How Are Hives Treated?
In many cases, mild hives won't need treatment and will go away on their own. If a definite trigger is found, avoiding it is part of the treatment. If the hives feel itchy, the doctor may recommend an antihistamine medicine to block the release of histamine in the bloodstream and prevent breakouts.
For chronic hives, the doctor may suggest a non-sedating (non-drowsy) prescription or over-the-counter antihistamine to be taken every day. Not everyone responds to the same medicines, though, so it's important to work with the doctor to find the right one for your child.
If a non-drowsy antihistamine doesn't work, the doctor may suggest a stronger antihistamine, another medicine, or a combination of medicines. In rare cases, a doctor may prescribe a steroid pill or liquid to treat chronic hives. Usually this is done for just a short period (5 days to 2 weeks) to prevent harmful steroid side effects.
In Case of Emergency
Anaphylactic shock and bad attacks of hives or angioedema are rare. But when they happen, they need immediate medical care.
Kids with bad allergies should carry an injectable shot of epinephrine . The doctor will teach you and your child how to safely give an injection if your child is at risk for a severe allergic reaction.Back to Articles
Learning About Allergies
During an allergic reaction, your body's immune system goes into overdrive. Find out more in this article for kids.Read More
Shellfish allergies can be serious - and shellfish can appear in some surprising foods and products. Read about shellfish allergy and what to do when a reaction is severe.Read More
Your eyes itch, your nose is running, you're sneezing, and you're covered in hives. The enemy known as allergies has struck again.Read More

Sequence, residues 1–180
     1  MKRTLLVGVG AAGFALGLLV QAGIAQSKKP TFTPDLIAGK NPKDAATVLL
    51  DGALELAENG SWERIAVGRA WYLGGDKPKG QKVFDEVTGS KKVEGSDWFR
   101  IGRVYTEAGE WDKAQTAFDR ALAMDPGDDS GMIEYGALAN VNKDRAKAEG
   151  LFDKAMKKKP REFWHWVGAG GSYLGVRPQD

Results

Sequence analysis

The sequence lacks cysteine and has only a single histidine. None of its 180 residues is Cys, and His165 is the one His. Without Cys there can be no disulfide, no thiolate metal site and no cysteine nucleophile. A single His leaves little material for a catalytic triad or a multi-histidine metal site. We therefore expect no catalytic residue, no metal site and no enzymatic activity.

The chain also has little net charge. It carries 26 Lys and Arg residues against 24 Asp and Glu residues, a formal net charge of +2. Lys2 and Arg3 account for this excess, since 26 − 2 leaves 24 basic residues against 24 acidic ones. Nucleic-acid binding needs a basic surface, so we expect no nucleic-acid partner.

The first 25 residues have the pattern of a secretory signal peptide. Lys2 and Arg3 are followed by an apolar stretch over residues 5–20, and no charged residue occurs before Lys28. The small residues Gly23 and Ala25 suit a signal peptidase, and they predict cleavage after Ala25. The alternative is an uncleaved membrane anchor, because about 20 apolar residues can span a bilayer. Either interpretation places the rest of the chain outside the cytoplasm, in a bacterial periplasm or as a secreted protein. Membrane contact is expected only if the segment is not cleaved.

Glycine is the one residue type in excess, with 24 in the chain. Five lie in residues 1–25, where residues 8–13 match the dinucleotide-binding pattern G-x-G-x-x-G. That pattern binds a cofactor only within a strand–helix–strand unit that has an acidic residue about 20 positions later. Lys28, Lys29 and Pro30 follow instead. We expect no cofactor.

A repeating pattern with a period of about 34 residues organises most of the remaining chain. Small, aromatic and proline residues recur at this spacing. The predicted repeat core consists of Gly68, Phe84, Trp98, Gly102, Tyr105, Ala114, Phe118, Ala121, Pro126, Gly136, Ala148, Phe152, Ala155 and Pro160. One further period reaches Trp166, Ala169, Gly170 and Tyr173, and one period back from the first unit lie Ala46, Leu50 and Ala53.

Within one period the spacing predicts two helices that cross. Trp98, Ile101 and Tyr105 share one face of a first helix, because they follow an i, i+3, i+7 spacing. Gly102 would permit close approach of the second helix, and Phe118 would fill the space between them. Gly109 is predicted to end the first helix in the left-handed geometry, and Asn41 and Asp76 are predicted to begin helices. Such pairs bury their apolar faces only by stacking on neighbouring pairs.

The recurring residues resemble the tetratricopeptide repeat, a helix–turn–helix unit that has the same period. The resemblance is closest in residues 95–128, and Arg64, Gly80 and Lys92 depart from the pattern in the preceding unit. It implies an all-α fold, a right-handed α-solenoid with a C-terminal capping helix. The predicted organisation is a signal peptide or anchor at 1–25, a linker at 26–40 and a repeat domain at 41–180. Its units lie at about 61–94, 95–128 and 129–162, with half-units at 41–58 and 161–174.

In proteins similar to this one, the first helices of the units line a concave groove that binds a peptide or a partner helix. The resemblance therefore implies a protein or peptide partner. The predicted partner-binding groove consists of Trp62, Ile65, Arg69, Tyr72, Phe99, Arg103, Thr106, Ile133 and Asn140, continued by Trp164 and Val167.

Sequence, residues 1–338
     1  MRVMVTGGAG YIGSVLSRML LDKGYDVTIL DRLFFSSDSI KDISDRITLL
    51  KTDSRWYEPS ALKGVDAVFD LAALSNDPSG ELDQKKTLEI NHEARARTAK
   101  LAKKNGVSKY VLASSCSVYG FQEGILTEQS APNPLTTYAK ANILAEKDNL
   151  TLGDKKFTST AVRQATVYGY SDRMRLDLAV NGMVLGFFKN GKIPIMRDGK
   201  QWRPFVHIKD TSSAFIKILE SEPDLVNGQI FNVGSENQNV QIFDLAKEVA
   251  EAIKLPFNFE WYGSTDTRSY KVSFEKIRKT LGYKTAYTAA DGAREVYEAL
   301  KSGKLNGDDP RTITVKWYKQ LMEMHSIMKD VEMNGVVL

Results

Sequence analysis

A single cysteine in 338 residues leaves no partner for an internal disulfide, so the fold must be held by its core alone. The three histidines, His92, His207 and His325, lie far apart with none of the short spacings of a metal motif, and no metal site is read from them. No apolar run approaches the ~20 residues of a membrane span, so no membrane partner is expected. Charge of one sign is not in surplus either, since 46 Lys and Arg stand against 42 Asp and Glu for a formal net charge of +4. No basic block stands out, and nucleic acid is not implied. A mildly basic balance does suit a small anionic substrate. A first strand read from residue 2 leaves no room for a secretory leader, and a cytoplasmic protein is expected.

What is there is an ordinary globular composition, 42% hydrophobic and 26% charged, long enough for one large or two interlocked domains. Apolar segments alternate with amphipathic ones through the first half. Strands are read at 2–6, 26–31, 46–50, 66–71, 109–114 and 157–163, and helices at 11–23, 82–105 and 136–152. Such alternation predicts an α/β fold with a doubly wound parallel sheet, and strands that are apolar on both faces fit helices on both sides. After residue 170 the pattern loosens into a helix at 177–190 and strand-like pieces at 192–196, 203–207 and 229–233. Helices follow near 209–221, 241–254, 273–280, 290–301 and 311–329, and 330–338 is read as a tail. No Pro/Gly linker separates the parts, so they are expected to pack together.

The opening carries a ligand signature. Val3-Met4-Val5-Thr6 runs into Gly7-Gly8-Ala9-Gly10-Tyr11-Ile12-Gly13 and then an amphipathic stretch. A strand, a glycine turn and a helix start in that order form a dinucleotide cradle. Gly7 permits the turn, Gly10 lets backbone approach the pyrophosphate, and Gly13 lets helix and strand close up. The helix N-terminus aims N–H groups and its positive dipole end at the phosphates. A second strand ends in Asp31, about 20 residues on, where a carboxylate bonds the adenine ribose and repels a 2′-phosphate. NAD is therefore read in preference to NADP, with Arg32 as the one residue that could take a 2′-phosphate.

Help With Hives
Hives are red, itchy blotches that can appear because of an allergic reaction. Find out more in this article for kids.Read More
Learn about rashes in a flash. Check out our article just for kids!Read More
First Aid: Allergic Reactions
Although most allergic reactions aren't serious, severe reactions can be life-threatening and can require immediate medical attention.Read More
Hives cause raised red bumps or welts on the skin. They're pretty common and usually not serious. Find out what to do about hives in this article for teens.Read More
Blood Test: Immunoglobulin E (IgE)
The immunoglobulin E (IgE) blood test is often done as part of an initial screen for allergies. High IgE levels also may indicate a parasitic infection.Read More
What Is Skin Testing for Allergies?
A scratch or skin prick test is a common way doctors find out more about a person's allergies.Read More
Serious Allergic Reactions (Anaphylaxis)
A person with severe allergies can be at risk for a sudden, serious allergic reaction called anaphylaxis. This reaction can seem scary, but the good news is it can be treated.Read More
Doctors are diagnosing more and more people with food allergies. Knowing what to expect and how to deal with food allergies can make a big difference in preventing serious illness.Read More
Struggling with strawberries? Petrified of peanuts? Sorry you ate shellfish? Maybe you have a food allergy. Find out more in this article for kids.Read More
Going to School With Food Allergies
With preparation and education, a child with a food allergy can stay safe at school.Read More
Food allergies can cause serious and even deadly reactions in kids, so it's important to know how to feed a child with food allergies and to prevent reactions.Read More
Helping your child manage an egg allergy means reading food labels carefully, being aware of what he or she eats, and carrying the right medicines in case of an allergic reaction.Read More